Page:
The Hub is a big fan of “The Dick Van Dyke Show” from the ’60s. For Christmas, I gave him a DVD set of all five seasons of the show, and I’ve noticed something as we’ve been watching those old episodes. Most of them include at least one scene in the Petries’ kitchen – usually breakfast or dinner. And Rob and Laura are really interacting with their food. Snappy dialogue is flying around, and Laura (played by the saucy  Mary Tyler Moore) is frosting cakes, simmering sauces, tossing salad or mixing meatloaf with both hands in a bowl of hamburger. She’s actually cooking – I could see steam rising up from pots on the stove. She was spreading real icing on a real cake as she talked to neighbor Millie.

I admit that I don’t watch a lot of sitcoms, but I can’t remember the last time I saw someone actually cook on one. On “The Cosby Show” in the ’80s, Cliff was famous for his creatively bad cooking, but it was done as a gag bit – those pots on the stove were empty. I see an occasional pizza box or already set tables with indistinguishable food on “Suburgatory,” but no cake decorating.

Also, when Rob, Laura and little Ritchie sit down to eat, they actually eat the food. I mean, bite and chew. While still shooting out fast-paced dialogue.  In the first-season episode we watched last night, Laura finishes preparing a meal, Rob helps put it on the table, Laura serves him some vegetables and Rob serves her some meat, they each cut and nibble – while their hilarious argument over Rob’s absence from Ritchie’s school play goes on.

In the scene, preparing and sitting down to dinner was shown as simply a part of their life together. Something about these scenes reinforces their characters without a word being said, and shows the closeness of their marriage even in the midst of a disagreement. Was all this cooking and eating intentional, or just to show life at the time? I don’t know, but it certainly gives another dimension to the characters.

May the calories be with you

No, that burger at Quick fast food restaurants in Belgium isn’t burned, it’s the Darth Vader burger. The chain is offering the burger with unidentified toppings (Jar-Jar Binks chili, perhaps?)  on a black-dyed bun to mark the release of “Star Wars: Episode 1” in 3D. Although they spelled the villain’s name as “Dark Vador.”

The Darth Maul burger (they misspelled him, too) isn’t as evil, with only black seeds on the top of the bun. Of course, the Jedi burger’s bun is a pristine white. But I’m not sure if those are chunks of onion or – Obi-Wan forbid – mini-marshmallows on top. Look for yourself here.

That black bun is more off-putting than being trapped in the Millenium Falcon with a soggy wookie. George Lucas, call your copyright lawyer, please.

Change is good

Welcome to January, or as it’s called at my house, National Carrot Sticks Month. Now is when we feel we should pay for the indulgences of December, but I don’t think that means we should suffer.

In Sunday’s New York Times Magazine, the always interesting Mark Bittman proposes having a vegan day each week. Well, I don’t know if I’d go that far, but his recipes intrigue me. They are far more interesting than the usual roots and berries I see in vegan cookbooks. See what you think here.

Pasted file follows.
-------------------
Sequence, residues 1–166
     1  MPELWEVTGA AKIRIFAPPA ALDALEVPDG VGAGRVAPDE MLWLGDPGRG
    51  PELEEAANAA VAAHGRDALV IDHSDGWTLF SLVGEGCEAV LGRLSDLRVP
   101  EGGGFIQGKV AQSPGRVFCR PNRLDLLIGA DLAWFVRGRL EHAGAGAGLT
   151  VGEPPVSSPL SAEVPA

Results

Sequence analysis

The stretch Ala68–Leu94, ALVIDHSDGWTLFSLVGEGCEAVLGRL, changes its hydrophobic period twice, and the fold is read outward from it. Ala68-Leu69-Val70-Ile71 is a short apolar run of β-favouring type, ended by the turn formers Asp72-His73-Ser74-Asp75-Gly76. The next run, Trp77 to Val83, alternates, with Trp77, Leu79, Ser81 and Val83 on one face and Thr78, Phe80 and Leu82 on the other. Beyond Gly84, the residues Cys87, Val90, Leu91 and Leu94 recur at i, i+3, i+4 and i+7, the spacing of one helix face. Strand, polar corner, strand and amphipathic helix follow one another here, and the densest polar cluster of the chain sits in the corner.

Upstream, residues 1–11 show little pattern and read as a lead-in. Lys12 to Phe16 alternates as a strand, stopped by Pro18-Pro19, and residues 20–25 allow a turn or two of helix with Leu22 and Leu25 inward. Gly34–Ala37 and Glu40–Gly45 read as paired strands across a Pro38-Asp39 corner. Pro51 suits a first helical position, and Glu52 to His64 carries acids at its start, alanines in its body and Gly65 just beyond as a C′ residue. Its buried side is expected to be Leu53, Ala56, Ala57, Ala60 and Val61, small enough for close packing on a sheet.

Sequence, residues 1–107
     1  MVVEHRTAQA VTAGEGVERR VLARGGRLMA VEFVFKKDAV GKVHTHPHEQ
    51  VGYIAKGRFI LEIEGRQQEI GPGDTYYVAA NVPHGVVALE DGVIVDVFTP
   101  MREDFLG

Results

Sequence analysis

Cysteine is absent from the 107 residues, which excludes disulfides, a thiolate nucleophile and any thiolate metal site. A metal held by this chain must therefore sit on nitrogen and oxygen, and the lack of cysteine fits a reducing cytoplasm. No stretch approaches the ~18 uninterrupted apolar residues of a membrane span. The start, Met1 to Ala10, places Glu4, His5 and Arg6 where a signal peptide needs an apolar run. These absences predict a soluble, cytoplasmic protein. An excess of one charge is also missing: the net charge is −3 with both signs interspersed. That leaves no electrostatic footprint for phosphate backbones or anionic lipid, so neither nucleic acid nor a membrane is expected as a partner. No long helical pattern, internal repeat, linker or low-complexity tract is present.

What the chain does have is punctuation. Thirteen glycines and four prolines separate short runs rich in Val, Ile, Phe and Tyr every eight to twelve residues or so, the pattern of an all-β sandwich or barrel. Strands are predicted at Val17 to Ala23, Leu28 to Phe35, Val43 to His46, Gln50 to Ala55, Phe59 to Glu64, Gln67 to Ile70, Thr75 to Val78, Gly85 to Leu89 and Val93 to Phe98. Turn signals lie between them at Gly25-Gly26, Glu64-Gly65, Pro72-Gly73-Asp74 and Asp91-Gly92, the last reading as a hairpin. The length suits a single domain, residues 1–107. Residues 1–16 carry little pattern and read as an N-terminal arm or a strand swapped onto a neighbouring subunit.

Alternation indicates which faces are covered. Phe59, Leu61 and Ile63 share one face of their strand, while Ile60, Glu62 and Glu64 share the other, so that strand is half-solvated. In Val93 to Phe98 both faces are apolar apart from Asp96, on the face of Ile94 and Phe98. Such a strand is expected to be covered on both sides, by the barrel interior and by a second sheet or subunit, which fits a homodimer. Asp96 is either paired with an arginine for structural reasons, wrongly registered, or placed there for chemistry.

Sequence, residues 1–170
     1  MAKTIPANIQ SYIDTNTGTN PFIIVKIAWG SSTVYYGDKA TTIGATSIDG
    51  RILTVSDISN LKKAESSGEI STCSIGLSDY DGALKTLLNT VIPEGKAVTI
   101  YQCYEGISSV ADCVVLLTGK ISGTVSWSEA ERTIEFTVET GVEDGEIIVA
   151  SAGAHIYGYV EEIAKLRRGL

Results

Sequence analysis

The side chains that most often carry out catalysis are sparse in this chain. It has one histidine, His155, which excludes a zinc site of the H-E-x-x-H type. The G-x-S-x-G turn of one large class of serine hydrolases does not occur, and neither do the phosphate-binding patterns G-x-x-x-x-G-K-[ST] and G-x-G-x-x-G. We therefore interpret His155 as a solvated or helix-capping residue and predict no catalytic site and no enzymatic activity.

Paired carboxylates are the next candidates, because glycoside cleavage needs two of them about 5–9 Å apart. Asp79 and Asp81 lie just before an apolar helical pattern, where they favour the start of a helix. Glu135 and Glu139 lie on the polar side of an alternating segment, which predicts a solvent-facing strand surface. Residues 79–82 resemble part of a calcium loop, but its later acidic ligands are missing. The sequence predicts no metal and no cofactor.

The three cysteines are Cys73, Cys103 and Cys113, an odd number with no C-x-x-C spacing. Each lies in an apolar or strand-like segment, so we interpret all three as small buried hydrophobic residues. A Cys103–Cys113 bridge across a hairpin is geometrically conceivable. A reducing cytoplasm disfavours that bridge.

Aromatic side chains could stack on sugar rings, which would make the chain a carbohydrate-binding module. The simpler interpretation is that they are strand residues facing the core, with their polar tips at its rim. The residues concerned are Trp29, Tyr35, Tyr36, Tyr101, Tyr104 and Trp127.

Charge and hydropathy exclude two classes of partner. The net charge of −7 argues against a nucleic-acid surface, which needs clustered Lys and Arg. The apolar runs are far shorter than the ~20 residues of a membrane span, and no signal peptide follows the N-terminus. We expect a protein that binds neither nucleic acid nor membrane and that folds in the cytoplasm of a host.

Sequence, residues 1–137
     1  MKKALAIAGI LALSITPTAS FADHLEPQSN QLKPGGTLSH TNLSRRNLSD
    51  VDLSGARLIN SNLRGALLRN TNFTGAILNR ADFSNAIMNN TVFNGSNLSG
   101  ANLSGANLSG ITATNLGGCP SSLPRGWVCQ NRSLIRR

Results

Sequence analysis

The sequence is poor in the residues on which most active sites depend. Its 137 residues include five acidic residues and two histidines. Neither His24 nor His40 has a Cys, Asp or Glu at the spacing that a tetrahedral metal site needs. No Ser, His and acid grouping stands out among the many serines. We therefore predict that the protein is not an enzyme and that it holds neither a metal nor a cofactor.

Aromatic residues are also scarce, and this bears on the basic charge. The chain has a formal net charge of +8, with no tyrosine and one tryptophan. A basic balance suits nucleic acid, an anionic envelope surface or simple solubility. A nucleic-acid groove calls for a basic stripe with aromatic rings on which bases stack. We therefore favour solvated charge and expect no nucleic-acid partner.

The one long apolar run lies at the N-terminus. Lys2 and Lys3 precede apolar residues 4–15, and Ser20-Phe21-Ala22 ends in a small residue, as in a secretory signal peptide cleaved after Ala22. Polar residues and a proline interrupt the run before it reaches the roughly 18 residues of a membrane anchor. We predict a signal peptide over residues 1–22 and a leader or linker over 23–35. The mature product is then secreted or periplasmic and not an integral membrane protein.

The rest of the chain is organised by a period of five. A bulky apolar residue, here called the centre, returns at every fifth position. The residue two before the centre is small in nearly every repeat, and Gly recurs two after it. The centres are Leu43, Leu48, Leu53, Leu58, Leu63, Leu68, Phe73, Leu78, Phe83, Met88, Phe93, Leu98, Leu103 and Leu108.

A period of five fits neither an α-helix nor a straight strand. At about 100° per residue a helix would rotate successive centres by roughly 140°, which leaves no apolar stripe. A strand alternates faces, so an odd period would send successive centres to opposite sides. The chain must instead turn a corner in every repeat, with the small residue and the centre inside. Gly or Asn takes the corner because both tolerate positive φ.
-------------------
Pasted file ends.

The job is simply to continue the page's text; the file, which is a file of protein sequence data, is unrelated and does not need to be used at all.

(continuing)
I’ve been looking at vegan options due to The Hub’s dairy allergy. And, no, it doesn’t mean he can’t eat eggs, as countless people have asked me. The last time I checked, eggs didn’t come from cows. This Christmas, I began to miss the creamy mashed potatoes I used to make with our standing rib roast. In a new cookbook, I found an alternative. Barbara Kafka’s “The Intolerant Gourmet: Glorious Food Without Gluten and Lactose” (Artisan, 2011) includes a number of interesting options, such as risotto, which is usually packed with butter and cheese. But she doesn’t expect you to look for vegan cheese and such. I’ve had very back luck with faux cheese and would rather just avoid it. I was also interested in the book because Kafka’s books are excellent – I’ve used her “Soup: A Way of Life” for years.

I tried Kafka’s recipe for mashed potatoes using olive oil, and it was great. She advises starting with potatoes that don’t have too much starch, such as red or fingerling potatoes and avoiding the traditional high-starch mashing potatoes, such as russets and Idahos. I think pressing the potatoes through the food mill helped with the texture. I did not make the garlic oil because one of my guests was sensitive to garlic, but it could only make them better (I added the olive oil straight to the potatoes). They were even pretty good the next day.

Garlic-Olive Oil Mashed Potatoes from Barbara Kafka

12 cloves garlic, smashed, peeled and cut into 1/8-inch slices

1/2 cup olive oil

2 pounds red or fingerling potatoes, peeled and cut into 1-inch chunks (about 4 cups)

Kosher salt

Place the garlic and oil in a small saucepan over very low heat. In a medium saucepan, bring 2 quarts water to a boil. Add the potatoes and reduce the heat to simmer. Cook for 10 to 12 minutes or until the tip of a sharp knife easily pierces a potato. Drain. Place the potatoes back in the pot to dry out for 2 minutes. Pass the potatoes thorugh a food mill fitted with the fine disc into a large bowl. Strain the garlic oil into the potatoes. mix with a whisk and season with salt to taste.

Serves 4 to 6